When your kids ask for help in subtle and blatant ways, BELIEVE THEM! Sometimes parents default to the assumption that kids “just want attention” or they’re “just being dramatic”. That’s an incredibly unfair conclusion and even if they “just want attention”, if that attention is going to keep them mentally healthy and prevent them from attempting suicide, it seems worth it. 

DO NOT trivialize their problems. What your child, teen, or young adult is going through may not seem like a big deal to you but YOU AREN’T THE ONE GOING THROUGH IT. 

Don’t Make it About You

Comparing their issues to yours “when you were a kid” isn’t helpful, in fact, it’s dismissive and hurtful. You aren’t the same person, you won’t have the same experiences, and you won’t deal with them the same way. I can’t expect my child to cope with things the way I would because she is not me. 

Don’t take it personally either. Your child having mental health challenges is NOT a reflection of your parenting. Please don’t default to “but what do you have to be sad about I give you everything” because it’s not helpful. Also, steer clear of “what did I do to cause this” because that is also making it about you. Again, this is not a reflection of your parenting but how you choose to deal with it might be.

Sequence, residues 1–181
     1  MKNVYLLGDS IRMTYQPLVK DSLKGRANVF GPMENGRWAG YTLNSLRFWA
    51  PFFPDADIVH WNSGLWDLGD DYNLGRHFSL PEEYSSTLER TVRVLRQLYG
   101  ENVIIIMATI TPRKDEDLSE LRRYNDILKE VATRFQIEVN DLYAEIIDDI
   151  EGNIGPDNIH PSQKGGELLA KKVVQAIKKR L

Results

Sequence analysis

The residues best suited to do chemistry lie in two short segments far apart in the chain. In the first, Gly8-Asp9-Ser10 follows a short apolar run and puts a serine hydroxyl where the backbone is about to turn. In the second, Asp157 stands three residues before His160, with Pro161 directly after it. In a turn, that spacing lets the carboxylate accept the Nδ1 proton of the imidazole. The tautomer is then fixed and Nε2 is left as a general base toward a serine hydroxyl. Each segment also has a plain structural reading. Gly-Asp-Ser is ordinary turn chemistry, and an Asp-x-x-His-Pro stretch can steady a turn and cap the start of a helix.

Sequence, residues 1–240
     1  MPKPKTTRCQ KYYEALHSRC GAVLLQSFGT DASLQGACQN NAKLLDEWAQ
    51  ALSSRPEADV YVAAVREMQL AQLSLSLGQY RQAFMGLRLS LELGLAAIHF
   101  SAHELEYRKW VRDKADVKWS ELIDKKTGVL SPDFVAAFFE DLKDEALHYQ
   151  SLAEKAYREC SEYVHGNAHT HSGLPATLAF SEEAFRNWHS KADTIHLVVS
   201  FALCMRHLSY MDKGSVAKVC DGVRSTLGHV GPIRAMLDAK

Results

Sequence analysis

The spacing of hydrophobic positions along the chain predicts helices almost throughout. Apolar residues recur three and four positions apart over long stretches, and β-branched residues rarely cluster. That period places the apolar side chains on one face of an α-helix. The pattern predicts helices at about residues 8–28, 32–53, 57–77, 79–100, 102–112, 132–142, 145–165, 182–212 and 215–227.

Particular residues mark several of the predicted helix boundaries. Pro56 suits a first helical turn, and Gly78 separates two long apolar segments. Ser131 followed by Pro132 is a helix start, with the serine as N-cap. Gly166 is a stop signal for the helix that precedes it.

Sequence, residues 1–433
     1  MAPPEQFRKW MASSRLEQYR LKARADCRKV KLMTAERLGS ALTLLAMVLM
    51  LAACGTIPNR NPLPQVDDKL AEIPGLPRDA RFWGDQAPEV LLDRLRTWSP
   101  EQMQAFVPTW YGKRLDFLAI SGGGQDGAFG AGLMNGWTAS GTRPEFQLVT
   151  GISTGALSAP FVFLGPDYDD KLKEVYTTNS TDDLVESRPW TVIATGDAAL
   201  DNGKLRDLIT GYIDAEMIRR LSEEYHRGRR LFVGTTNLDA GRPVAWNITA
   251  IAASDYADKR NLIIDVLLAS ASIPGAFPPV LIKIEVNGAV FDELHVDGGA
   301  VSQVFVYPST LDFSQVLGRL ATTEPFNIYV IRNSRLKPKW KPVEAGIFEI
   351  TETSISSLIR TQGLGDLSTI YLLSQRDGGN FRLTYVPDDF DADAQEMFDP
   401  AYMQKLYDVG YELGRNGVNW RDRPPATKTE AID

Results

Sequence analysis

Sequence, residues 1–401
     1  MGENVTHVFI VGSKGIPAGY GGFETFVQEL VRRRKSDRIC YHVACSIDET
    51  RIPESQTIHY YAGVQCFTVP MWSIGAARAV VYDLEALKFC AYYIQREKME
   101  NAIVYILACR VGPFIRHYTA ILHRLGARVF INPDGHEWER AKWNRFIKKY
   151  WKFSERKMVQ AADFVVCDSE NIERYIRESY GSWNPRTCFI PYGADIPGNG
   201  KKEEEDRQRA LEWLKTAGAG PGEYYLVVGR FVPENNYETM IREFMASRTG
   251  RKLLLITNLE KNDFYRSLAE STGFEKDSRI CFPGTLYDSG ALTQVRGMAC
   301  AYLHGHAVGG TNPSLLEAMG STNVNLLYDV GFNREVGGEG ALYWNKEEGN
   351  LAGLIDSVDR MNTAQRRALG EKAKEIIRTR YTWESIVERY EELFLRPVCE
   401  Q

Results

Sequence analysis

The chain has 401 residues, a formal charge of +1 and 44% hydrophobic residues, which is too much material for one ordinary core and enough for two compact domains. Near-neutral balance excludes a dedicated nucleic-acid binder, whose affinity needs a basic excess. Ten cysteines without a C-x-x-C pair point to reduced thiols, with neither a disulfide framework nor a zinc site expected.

Be supportive 

Assure your child that being open and honest about their feelings means they are courageous. Give them a safe space to share when they are suffering. 

Be a listener, not a fixer. 

Remember that you don’t have to “get it” or understand in order to be supportive. 

Check-in with your child regularly in conversational, non-accusatory, nonjudgemental ways. 


Get Help

This is by far the most important bit of advice I can share. Help is out there. Here are some resources: 

Open Path Collaborative – a non-profit nationwide network of mental health professionals dedicated to providing in-office and online mental health care—at a steeply reduced rate

State Health Department – your state health department may offer low-cost or free mental health care

Your Health Insurance – your health insurance plan may cover the cost or a portion of the cost of mental healthcare professionals.

Therapyforblackgirls.com – online space dedicated to encouraging the mental wellness of Black women and girls. The website allows you to search for therapists.

Psychologytoday.com – an online search tool that will allow you to search for therapists for you or your child’s specific needs.

Real Depression Project – a “Depression School” with resources that teach people how to cope with and overcome depression. They also have an IG account where they share helpful information for people battling depression and for people who have loved ones battling depression.

Teenager Therapy Podcast – Five stressed, sleep deprived, yet energetic teens sit down and talk about the struggles that come with being a teenager

TeenMenthalHealth.org – committed to creating and delivering the highest quality mental health literacy information, research, education and resources.

Suicide Prevention Lifeline – The Lifeline provides 24/7, free and confidential support for people in distress, prevention and crisis resources for you or your loved ones, and best practices for professionals.

Suicide Prevention Hotline – 800-273-8255

Suicide Prevention Resource Center

Don’t forget to get help for yourself as well!